Any vessels traversing through pirate waters must always be on the ready for threats of piracy. It’s essential that each ship follow recommended safety practices from agencies dedicated to fighting piracy. These practices are designed to avoid piracy in order to protect crewmembers and cargo from pirates.
All vessel owners, vessel operators, and maritime workers that must travel through or near high-risk areas need to be privy to anti-piracy practices by way of adequate instruction and practice. The Gulf of Aden is the dangerous strait through which cargo vessels must pilot their goods. Four percent of the world’s oil supply travels through here, along with tens of billions of dollars in cargo.
Follow the BMPs
The main piece of advice that will help vessels avoid a pirate attack is to implement the procedures in the Best Management Practices Against Somalia Based Piracy (BMPs).
The BMP explains, “Experience and data collected by Naval/Military forces, shows that the application of the recommendations contained within this booklet can and will make a significant difference in preventing a ship becoming a
victim of piracy.” And conversely, “The potential consequences of not following BMP, as set out in this booklet, are severe. There have been instances of pirates subjecting their hostages to violence and other ill treatment.”
BMPs cover numerous types of measures ships can employ, including:
Don’t Try to Skimp on Gas
Vessel owners and operators have been reported to be sidestepping one of the most important BMPs: increasing speed through pirate-infested waters, according to a 2012 CNBC report. The BMP recommends travelling at 18 knots or higher because the vessel will be better able to outrun an attempted attack. In fact, “Pirates have never managed to board a vessel travelling at 18 knots or more,” reports CNBC.
Unfortunately, in an effort to save money, some vessels keep their speeds low to avoid high gas costs. Shipping companies should keep in mind that preserving human life takes precedence over the financial bottom line.
Have a Plan Should You Face a Pirate Attack
Finally, even when a ship has followed the BMPs and taken necessary safety precautions, attacks and hijackings may still occur. Each vessel should have a plan in place should their ship sustain an attack.
Vessel operators need to remember that:
The International Maritime Organization (IMO) along with several international communities are developing and administering numerous types of anti-piracy initiatives in order to fight global piracy. This is a real problem with which mariners must contend.
The Council on Foreign Relations (CFR) reports that there were 439 pirate attacks in 2011 alone. To secure the global shipping industry and to protect the lives of innocent seamen, the IMO, national governments, international organizations, and the shipping industry are taking action against the worldwide piracy threat.
The IMO began a comprehensive anti-piracy project in 1998. The organization explains that its “aim has been to foster the development of regional agreements on implementation of counter piracy measures.”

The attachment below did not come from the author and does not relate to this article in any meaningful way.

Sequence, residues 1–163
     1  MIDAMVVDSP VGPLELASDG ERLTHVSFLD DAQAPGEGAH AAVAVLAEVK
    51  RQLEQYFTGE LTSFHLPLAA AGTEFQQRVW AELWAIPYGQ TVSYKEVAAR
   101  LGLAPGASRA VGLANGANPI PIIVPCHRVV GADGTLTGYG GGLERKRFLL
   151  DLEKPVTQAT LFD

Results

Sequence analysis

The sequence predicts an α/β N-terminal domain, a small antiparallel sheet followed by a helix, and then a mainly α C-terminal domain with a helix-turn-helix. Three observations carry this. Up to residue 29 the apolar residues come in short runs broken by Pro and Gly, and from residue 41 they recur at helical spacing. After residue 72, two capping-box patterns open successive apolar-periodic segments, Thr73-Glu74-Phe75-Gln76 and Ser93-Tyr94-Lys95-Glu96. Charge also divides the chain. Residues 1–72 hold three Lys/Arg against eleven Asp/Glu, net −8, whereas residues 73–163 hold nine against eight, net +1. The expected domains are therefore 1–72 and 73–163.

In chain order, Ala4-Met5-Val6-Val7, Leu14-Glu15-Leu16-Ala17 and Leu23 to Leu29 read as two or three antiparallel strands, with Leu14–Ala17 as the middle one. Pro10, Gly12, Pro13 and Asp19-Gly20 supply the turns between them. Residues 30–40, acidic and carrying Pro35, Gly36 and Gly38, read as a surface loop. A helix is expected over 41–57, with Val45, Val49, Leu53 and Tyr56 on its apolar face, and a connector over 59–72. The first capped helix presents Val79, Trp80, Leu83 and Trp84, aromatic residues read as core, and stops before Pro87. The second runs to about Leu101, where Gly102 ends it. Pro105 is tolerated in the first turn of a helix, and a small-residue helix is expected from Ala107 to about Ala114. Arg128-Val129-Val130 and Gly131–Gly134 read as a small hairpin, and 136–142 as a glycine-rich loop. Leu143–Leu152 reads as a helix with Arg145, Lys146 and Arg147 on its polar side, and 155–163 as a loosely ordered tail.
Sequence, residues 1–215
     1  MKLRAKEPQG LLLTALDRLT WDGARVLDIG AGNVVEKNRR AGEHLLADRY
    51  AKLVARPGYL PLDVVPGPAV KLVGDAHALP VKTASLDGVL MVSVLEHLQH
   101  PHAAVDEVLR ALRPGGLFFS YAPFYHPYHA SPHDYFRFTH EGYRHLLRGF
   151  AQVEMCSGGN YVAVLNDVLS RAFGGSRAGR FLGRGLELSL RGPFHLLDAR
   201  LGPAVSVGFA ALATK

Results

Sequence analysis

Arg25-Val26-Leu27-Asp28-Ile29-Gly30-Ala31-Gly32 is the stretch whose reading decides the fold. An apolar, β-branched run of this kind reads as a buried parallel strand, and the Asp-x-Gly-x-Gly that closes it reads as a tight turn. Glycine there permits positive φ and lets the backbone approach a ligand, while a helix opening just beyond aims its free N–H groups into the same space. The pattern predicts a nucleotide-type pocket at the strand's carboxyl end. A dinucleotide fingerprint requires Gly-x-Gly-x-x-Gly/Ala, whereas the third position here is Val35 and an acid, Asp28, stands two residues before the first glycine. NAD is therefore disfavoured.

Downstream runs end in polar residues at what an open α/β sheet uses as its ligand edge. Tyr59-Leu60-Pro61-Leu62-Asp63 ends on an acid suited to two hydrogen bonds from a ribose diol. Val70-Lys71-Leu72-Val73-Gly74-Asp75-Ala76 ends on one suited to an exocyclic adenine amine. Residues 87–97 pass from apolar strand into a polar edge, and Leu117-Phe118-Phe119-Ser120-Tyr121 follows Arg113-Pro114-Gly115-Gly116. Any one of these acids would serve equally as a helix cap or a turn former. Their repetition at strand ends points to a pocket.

The project involved two stages:
The IMO stresses the importance of self-protection to avoid pirate attacks. Many of the strategies the IMO uses are geared toward helping officials and vessel workers learn proper anti-piracy measures, including:
The international community has also began implementing measures to combat armed robbery at sea.
As noted by the CFR, these include:
Governing officials worldwide understand a multi-faceted approach is necessary in order to effectively fight piracy. IMO Secretary-General Koji Sekimizu explains, “[T]he [UK international] Conference agreed that piracy cannot be solved by military means alone and reiterated the importance of supporting local communities to tackle the underlying causes of piracy and improving effective use of Somali coastal waters through regional maritime capacity-building measures.”
On June 20 2014, the White House released the United States Counter Piracy and Maritime Security Action Plan, addressing the increased concerns over piracy and maritime security worldwide.
Always a leader in maritime security, the United States has organized and led the international effort against piracy since 2009, the result of which has been a dramatic decrease in piracy off the coast of Somalia.
The release of this plan comes on the heels of the IMB’s warning of a new piracy threat in the South China Sea. Following a rash of tanker hijackings in the South China Sea, a warning has been issued to small tankers by the ICC Commercial Crime Services’ International Maritime Bureau (IMB) to maintain tight anti-piracy practices when in that region.
According to the report, the purpose of the Plan is to:
The Counter Piracy and Maritime Security Action Plan will implement two primary components:
The Plan provides clear guidance for counter-piracy measures, and details that the U.S. will use all appropriate methods of national power to limit piracy and other maritime security crimes. The Plan focuses on three core areas:
The Plan also provides specific strategies for the Gulf of Guinea and Horn of Africa regions, strategies which establish specific methodology and provide guidance on how the U.S. will respond to threats connected to the individual geographic, legal, and political environments.